Frederick “Bootie” Tubbs, Murray’s nephew and Marina’s cousin, inadvertently upsets the apple cart, albeit ever so slightly.  Bootie is a college dropout who seeks intellectual integrity.  Fleeing from his overbearing mother, he heads to New York.  Determined to pursue his education on his own terms, Bootie earnestly reads difficult books and tries to write about them.  He hopes that in New York his Uncle Murray will take him under his wing and teach him all that he knows.  Unfortunately Murray disappoints.  Murray turns out to be human, more human than Bootie anticipated.  Then September 11 happens and it changes everything and nothing.

Danielle is devastated not so much because of the carnage of September 11 itself, but because her boyfriend realizes he really needs to be with his wife.  Marina and Julius are more worried about their personal lives, admittedly they have messy personal lives, especially Julius.  What's amazing is that no event, little or large, inspires any of the three friends or Murray to change anything about their circumstances.  No one evolves in any meaningful way.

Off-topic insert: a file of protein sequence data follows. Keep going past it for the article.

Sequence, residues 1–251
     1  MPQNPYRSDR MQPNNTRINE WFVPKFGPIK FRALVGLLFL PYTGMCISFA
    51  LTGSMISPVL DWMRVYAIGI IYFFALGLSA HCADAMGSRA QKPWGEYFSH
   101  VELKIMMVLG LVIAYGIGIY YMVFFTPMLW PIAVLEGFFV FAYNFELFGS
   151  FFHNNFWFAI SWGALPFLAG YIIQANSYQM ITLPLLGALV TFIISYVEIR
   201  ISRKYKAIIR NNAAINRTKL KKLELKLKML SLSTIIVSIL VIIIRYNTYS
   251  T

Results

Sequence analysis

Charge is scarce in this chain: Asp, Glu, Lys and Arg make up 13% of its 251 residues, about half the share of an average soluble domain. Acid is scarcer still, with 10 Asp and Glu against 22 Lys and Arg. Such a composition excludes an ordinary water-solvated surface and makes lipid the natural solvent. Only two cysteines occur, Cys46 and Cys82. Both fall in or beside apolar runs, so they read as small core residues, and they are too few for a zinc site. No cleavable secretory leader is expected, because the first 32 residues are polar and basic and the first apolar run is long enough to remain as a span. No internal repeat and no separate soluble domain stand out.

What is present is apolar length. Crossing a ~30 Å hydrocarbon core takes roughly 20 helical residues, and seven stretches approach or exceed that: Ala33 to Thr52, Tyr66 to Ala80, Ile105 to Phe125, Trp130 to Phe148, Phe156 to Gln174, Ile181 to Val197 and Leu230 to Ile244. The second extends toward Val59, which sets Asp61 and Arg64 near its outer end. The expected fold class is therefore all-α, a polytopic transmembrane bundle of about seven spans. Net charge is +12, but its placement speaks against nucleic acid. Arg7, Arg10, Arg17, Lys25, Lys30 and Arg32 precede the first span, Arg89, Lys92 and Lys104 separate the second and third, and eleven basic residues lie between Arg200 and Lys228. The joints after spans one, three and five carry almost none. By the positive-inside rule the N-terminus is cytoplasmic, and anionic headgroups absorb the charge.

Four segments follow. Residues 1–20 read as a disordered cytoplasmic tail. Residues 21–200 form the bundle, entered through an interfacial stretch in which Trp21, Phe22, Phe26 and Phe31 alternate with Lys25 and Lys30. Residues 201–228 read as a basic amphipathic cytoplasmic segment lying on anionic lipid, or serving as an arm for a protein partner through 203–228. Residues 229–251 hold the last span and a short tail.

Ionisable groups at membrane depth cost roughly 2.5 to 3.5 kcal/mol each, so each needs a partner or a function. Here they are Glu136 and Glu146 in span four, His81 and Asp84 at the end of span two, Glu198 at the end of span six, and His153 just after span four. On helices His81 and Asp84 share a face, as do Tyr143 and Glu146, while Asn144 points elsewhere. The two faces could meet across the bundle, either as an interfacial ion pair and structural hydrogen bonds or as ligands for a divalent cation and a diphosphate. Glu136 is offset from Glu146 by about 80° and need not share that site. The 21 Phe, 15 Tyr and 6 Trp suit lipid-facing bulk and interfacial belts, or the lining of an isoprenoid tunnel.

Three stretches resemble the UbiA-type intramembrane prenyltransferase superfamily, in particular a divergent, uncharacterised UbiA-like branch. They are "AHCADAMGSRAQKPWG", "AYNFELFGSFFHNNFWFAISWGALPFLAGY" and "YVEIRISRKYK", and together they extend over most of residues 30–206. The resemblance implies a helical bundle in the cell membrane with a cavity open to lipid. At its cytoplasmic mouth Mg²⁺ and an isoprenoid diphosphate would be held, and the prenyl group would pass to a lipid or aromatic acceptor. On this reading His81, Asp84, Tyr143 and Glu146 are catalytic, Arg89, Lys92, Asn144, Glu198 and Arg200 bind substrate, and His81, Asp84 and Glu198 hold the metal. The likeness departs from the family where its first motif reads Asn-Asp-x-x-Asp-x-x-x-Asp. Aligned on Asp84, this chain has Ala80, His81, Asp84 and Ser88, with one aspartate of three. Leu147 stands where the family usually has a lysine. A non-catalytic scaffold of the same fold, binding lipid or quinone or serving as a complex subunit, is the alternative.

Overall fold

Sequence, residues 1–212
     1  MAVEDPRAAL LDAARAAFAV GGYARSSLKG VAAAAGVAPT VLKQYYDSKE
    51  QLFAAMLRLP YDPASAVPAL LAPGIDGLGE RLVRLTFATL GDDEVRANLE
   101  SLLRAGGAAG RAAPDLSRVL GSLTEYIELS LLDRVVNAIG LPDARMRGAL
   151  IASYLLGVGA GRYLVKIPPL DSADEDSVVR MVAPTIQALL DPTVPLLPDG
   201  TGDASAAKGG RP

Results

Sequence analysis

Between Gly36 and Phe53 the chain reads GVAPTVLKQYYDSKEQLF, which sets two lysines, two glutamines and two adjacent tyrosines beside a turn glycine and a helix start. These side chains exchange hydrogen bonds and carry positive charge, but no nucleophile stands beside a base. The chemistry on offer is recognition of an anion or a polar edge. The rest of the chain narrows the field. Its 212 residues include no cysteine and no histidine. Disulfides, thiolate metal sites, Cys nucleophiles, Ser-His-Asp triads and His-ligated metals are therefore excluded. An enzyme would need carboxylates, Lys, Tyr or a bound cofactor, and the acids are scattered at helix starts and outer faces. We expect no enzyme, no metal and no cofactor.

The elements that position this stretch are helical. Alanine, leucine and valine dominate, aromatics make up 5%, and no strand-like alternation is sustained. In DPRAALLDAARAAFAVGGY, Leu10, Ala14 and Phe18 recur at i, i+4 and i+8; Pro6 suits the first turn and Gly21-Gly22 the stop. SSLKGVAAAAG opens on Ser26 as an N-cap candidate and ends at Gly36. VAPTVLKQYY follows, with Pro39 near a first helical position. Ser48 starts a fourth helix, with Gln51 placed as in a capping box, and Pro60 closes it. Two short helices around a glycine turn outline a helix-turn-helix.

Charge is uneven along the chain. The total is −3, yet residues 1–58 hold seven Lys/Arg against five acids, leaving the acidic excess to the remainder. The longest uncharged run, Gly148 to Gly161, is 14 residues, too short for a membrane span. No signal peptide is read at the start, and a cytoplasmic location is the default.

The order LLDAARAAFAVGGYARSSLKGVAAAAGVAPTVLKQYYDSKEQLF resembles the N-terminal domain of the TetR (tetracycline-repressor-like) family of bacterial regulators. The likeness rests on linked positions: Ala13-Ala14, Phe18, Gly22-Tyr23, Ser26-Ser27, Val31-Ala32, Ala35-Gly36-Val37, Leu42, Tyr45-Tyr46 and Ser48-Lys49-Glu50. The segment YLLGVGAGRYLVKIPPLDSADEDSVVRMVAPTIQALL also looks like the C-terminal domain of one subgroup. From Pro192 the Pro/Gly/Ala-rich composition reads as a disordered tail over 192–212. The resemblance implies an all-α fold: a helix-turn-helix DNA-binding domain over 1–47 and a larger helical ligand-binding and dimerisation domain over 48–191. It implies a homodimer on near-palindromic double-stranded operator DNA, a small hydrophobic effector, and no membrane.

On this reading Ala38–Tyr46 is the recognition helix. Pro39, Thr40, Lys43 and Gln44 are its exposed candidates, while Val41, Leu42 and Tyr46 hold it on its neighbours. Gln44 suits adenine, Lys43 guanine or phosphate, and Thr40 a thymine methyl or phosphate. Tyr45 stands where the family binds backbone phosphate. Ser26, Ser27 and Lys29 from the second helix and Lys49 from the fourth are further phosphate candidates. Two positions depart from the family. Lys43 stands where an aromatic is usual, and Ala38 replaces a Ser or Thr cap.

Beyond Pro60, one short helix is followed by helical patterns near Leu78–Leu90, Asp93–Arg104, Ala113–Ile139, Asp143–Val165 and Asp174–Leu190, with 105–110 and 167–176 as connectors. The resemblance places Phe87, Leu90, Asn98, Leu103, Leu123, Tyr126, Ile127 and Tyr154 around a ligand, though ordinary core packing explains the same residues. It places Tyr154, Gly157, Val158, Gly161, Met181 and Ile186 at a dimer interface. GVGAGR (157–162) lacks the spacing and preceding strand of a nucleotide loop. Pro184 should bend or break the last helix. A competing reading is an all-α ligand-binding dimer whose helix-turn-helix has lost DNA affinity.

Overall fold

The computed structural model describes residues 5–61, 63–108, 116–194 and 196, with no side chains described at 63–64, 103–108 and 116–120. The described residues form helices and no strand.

Bootie is the exception to the blanket of passivity and entitlement that seems to envelop Marina, Danielle, and Julius.  Overweight and socially awkward, Bootie is in many ways the polar opposite of his cousin Marina and her friends.  He's idealistic and judgmental, and is genuinely upset when he finds his uncle recycling some of his work.  Bootie is serious about reading, writing and life, perhaps a little too serious at times.  Maybe because he hasn't much to lose, Bootie is the one most willing to take charge of his life.  Unhappy with his circumstances, he sees a chance to escape and change his life and he takes it, twice.